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I understand how the determinant trick works to show that $\varphi^n + a_1 \varphi^{n-1} + \dots + a_n = 0$ as an endomorphism of $A$-module $M$ given that $\varphi \in \text{Hom}_A(M,M)$ and $\varphi(M) \subset IM$. The Nakayama lemma goes:

Let $M$ be a finite $A$-module and $I$ an ideal of $A$. If $M = IM$ then there exists $a \in A$ such that $aM = 0$ and $a \equiv 1 \pmod I$.

Proof. Setting $\varphi = 1_M$ in the previous theorem (determinant trick) gives the relation $a = 1 + a_1 + \dots + a_n = 0$ as endomorphisms of $M$, that is $aM = 0$, and $a = 1 \pmod I$.

The last part is what I don't understand, if $a = 1 + a_1 + \dots + a_n = 0$ as an endomorphism, how does that immediately translate over to the ring $A$ to show that $a \equiv 1 \pmod I$?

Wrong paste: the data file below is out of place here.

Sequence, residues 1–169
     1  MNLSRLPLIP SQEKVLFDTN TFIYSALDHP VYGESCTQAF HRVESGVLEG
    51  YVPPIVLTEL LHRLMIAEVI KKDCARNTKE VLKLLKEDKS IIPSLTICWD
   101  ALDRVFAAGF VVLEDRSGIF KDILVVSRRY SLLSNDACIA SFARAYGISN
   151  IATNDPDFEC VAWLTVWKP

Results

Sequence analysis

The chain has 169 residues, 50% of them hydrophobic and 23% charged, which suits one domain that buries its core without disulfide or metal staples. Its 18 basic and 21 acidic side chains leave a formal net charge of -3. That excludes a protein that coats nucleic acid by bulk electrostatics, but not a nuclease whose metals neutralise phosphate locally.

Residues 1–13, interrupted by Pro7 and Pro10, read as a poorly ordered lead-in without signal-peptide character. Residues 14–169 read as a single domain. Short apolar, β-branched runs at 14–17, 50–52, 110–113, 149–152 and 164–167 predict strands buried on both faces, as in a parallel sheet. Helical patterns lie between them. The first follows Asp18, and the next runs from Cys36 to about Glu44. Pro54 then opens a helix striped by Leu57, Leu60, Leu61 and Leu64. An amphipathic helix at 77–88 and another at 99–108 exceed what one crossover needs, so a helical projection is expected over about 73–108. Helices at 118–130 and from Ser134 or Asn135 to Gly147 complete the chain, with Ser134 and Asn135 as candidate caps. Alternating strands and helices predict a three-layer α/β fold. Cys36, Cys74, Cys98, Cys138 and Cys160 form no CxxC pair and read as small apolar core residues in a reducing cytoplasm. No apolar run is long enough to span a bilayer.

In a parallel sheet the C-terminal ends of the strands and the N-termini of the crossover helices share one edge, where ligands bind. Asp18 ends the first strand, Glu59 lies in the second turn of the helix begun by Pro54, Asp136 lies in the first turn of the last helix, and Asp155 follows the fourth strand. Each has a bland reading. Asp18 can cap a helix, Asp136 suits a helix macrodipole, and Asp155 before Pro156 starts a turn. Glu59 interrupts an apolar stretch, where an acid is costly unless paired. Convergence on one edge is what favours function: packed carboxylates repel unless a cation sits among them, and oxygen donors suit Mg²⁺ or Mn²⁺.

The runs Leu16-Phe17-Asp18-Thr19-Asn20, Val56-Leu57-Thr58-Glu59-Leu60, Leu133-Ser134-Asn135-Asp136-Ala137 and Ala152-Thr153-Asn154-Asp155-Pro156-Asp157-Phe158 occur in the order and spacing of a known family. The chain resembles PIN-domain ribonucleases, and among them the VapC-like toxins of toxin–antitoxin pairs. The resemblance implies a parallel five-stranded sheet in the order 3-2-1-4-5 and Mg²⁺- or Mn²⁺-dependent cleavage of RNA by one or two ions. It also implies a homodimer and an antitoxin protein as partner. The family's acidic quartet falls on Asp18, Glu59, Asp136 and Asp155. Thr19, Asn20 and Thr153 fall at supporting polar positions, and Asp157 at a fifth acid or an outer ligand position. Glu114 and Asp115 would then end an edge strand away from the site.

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I think you're getting a bit confused in how the proof goes. Here's a rephrasing of the argument. By the determinant trick, there exist elements $a_{1}, \ldots, a_{n} \in I$ such that $\mathrm{Id}_{M}^{n} + a_{n}\mathrm{Id}_{M}^{n-1} + \cdots + a_{1}\mathrm{Id}_{M} = 0$ as endomorphisms of $M$. Put $a = 1+a_{1}+\cdots +a_{n}$; then for any $m \in M$, $$(\mathrm{Id}_{M}^{n} + a_{n}\mathrm{Id}_{M}^{n-1} + \cdots + a_{1}\mathrm{Id}_{M})(m) = (1+a_{1}+\cdots+a_{n}) \cdot m = a \cdot m = 0$$ Hence, $aM = 0$, and $a \equiv 1 \pmod{I}$.

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The elements $a_1,\dots,a_n$ are all in $I$. So $a=1 + a_1 + \dots + a_n$ implies $a\equiv 1\pmod{I}$. (Note that the statement "as endomorphisms of $M$" only applies to the statement $a=0$, not to $a=1 + a_1 + \dots + a_n$.)

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